To foster students’ aspirations, Project Muse hosts a career panel each year so students can learn more about art-related careers.

If you would like to celebrate Project Muse, please join us Thursday evening, December 5, at Golden Tree, where we will celebrate the important contributions of five community projects. A three-day shopping event and celebration, Golden Tree is one of NYJL’s signature events to raise funds for our mission–and continued exploration in the arts. 

The Building Blocks of Parent-Child Relationships

One of the foundational “building blocks” of early child development is a secure attachment between child and parent. In partnership with the Single Parent Resource Center (SPRC), NYJL’s Building Blocks program aims to strengthen these bonds through interactive play. Volunteers organize activities where parents and their children (ages 6 months to 4 years) can tap into fun, imagination, movement, and health. At the end of each session, children and parents take home their projects, which serve as reminders of their time together at Building Blocks. 

Unlike other NYJL projects, volunteers’ children are part of the program. And as many NYJL volunteers are new parents themselves, Building Blocks fosters teaching and learning together and integrates meaningful community service with instruction and reflection. Some activities have included adorning planters for growing basil at home; decorating holiday cookies; playing soccer; and making lava lamps out of household items. Building Blocks has also partnered with another NYJL community committee, Cooking and Health Education for Families (CHEF), to focus on nutrition and making good food choices.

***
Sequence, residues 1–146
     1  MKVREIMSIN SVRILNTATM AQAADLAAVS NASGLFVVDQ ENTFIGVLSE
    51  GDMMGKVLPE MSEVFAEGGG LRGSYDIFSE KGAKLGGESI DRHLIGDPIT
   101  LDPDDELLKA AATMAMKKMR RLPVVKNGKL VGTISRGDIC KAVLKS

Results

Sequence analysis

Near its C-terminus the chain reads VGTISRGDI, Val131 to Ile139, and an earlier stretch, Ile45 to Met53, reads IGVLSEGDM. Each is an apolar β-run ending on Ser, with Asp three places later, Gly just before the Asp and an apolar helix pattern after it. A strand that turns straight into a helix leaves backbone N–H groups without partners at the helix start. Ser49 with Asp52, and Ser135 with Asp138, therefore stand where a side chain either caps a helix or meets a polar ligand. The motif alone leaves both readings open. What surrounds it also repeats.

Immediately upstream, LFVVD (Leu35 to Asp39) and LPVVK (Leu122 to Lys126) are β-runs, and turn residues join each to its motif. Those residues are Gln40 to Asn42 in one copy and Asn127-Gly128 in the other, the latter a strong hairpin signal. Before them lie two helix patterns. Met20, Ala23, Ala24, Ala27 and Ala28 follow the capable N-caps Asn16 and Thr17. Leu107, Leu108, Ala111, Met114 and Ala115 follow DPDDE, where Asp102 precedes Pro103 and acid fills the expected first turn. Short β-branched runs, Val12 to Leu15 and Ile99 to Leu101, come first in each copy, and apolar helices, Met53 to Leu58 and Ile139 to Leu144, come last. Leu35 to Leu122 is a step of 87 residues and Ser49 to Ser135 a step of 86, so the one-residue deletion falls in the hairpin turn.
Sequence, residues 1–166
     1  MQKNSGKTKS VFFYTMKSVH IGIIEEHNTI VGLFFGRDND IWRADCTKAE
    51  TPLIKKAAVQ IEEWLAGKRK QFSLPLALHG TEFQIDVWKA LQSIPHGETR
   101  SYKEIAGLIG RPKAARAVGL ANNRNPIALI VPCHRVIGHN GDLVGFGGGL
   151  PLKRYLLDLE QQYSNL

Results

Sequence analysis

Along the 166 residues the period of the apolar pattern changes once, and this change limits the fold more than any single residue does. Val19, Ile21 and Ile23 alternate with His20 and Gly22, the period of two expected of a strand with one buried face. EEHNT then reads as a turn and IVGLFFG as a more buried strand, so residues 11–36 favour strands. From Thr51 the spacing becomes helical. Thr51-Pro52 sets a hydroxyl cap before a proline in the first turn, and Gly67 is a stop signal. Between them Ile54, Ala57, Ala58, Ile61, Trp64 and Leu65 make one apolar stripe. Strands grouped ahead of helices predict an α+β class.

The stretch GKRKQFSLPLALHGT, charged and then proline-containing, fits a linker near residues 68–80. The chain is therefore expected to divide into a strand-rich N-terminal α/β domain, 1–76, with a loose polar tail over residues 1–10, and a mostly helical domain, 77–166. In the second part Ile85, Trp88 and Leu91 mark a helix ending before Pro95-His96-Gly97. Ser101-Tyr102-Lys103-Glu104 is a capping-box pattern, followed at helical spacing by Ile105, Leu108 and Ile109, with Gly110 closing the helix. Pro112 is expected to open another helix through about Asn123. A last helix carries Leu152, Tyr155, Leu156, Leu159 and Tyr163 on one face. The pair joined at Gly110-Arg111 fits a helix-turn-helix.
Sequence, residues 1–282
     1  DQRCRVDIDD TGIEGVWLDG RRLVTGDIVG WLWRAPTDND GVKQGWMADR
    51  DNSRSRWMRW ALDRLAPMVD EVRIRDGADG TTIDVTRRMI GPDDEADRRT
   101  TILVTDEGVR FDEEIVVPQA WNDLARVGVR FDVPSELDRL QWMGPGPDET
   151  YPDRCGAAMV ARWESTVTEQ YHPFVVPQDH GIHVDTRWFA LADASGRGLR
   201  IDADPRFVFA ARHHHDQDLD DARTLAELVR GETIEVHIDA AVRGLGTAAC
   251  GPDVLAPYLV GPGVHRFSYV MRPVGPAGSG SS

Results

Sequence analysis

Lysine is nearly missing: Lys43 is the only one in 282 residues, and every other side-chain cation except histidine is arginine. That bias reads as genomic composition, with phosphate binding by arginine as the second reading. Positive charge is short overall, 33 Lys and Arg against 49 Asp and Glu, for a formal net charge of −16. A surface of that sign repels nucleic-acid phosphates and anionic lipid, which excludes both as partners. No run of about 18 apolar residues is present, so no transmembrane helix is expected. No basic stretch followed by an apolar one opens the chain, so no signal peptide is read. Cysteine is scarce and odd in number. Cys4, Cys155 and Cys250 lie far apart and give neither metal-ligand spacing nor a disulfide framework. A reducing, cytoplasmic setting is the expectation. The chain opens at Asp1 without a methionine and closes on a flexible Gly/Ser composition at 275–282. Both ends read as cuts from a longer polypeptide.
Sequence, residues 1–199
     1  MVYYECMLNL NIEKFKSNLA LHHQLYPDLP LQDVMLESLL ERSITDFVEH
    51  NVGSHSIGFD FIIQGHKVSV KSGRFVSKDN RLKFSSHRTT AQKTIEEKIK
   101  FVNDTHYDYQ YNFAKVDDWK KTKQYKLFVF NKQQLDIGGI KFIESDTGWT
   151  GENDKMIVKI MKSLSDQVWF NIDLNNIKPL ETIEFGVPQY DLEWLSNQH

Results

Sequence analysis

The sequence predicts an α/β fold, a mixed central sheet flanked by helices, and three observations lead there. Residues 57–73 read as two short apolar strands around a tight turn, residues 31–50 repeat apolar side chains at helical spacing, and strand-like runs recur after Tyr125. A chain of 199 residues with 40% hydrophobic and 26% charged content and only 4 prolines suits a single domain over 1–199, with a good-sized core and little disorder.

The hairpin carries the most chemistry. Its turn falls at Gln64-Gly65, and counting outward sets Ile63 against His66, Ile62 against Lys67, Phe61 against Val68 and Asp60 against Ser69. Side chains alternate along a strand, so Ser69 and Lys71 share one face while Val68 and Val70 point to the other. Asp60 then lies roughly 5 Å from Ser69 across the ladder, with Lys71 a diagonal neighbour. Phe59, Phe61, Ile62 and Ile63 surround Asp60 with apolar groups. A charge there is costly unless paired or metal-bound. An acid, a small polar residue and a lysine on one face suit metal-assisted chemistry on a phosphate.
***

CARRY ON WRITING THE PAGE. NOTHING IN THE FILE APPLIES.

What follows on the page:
At the 68th Annual Winter Ball, the NYJL will honor two key leaders of the Building Blocks program: Outstanding Sustainer Rosemarie Dackerman and Outstanding Volunteer Olivia Leon. Rosemarie heads community partner SPRC, and Olivia helped launch, and now co-leads, the program.

“Being part of the Building Blocks committee and being able to have my son join our sessions and help volunteer has been a truly rewarding and unique volunteer experience,” says Olivia. “[…]Building Blocks is a great example of how the NYJL grows and evolves volunteer options to meet the needs and schedules of our membership.  But the best part has been working with the Single Parent Resource Center and their clients over the span of three years. It has been great to watch all our children grow together, learn from each other and form friendships.”